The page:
Last Friday, the U.S. Department of Agriculture (USDA) released two reports concerning the cattle industry. The semi-annual Cattle Inventory report shows that as of July 1, all cattle and calves in the United States totaled 103 million head, 1 percent above the 102 million head on July 1, 2017. All cows and heifers that have calved, at 41.9 million head, were 1 percent above the 41.6 million head on July 1, 2017. Beef cows, at 32.5 million head, were up 1 percent from a year ago. Milk cows, at 9.4 million head, were unchanged from the previous year.
USDA also released its monthly Cattle on Feed report Friday, which shows the number of cattle and calves on feed for the slaughter market in the United States totaled 11.3 million head on July 1, 2018, which is 4 percent above July 1, 2017. This is the highest July 1 inventory since the series began in 1996. The inventory included 7.13 million steers and steer calves, up 2 percent from the previous year. This group accounted for 63 percent of the total inventory. Heifers and heifer calves accounted for 4.15 million head, up 8 percent from 2017.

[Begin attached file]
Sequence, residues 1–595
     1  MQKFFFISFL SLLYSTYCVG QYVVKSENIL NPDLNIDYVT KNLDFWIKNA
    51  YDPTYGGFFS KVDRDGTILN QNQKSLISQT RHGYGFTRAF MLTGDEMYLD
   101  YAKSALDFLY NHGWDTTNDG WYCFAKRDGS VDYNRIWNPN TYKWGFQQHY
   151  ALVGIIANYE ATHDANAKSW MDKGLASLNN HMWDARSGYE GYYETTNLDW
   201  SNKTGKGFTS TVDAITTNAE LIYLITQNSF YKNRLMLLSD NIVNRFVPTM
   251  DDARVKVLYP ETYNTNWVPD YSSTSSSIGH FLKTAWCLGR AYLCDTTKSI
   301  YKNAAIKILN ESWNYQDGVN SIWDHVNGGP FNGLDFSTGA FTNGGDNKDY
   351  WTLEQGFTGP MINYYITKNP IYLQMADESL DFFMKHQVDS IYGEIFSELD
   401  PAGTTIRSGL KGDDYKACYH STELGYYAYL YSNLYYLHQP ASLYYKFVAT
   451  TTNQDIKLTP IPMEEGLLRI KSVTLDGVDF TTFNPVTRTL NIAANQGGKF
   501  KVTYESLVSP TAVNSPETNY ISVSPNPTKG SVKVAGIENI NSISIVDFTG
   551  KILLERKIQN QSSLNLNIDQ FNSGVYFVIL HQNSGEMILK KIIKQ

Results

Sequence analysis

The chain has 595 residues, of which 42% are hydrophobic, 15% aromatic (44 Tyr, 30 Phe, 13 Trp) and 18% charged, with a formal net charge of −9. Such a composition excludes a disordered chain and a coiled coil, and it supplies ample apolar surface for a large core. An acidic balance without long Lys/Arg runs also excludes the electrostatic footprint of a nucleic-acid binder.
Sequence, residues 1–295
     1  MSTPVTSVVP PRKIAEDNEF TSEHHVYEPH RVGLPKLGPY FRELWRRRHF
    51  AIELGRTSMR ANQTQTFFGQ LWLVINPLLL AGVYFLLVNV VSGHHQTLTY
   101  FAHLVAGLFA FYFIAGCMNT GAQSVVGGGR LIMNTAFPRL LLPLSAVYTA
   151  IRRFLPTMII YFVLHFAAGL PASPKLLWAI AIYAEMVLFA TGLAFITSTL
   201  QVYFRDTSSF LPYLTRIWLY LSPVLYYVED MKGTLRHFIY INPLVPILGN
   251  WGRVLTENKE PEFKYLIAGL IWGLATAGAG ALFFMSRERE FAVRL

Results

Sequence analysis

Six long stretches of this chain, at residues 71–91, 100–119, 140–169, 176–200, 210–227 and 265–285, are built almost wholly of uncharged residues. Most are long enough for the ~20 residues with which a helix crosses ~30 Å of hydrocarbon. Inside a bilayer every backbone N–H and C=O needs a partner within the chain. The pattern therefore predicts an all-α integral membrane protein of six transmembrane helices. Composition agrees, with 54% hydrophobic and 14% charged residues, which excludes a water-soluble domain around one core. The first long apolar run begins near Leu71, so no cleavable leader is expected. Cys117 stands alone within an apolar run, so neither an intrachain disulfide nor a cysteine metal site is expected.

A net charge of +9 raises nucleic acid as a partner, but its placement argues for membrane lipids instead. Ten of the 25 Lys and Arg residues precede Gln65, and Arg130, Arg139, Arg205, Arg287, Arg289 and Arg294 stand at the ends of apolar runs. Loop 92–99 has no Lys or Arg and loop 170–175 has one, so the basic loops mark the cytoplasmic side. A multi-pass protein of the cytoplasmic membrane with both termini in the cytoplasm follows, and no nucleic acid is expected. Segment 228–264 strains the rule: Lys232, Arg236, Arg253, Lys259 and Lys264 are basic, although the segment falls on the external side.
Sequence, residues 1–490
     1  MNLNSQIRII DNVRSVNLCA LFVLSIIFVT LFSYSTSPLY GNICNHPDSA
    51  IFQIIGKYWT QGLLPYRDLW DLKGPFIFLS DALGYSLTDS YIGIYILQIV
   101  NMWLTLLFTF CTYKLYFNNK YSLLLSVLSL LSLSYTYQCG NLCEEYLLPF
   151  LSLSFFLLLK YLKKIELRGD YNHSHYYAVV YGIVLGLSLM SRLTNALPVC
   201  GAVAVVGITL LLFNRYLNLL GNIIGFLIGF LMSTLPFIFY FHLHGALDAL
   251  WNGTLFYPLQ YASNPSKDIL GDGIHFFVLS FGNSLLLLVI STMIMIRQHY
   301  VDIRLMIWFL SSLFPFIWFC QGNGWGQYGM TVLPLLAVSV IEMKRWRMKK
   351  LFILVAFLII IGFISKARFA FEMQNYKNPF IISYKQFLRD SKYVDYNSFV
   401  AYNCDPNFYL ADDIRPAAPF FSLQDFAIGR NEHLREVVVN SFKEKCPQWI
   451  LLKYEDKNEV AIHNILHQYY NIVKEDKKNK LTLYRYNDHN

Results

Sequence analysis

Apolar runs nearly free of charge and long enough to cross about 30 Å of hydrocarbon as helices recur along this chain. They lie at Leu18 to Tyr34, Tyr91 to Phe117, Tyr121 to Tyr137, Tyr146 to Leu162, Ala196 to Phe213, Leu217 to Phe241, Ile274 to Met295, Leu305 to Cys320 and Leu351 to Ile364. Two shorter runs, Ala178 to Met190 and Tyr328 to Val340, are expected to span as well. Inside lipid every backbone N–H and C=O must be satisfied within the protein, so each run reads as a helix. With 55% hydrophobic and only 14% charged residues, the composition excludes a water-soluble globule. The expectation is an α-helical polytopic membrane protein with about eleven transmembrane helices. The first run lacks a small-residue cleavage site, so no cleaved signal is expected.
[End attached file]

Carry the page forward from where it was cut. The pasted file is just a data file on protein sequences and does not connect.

Placements in feedlots during June totaled 1.79 million head, 1 percent above 2017, while marketing of fed cattle during June totaled 2.01 million head, 1 percent above 2017.
A story from Gary Crawford helps to answer the question: Is the expansion in the beef cattle herd finally over?
Shayle Shagam, USDA livestock analyst, says there are still considerable numbers of cattle outside feedlots.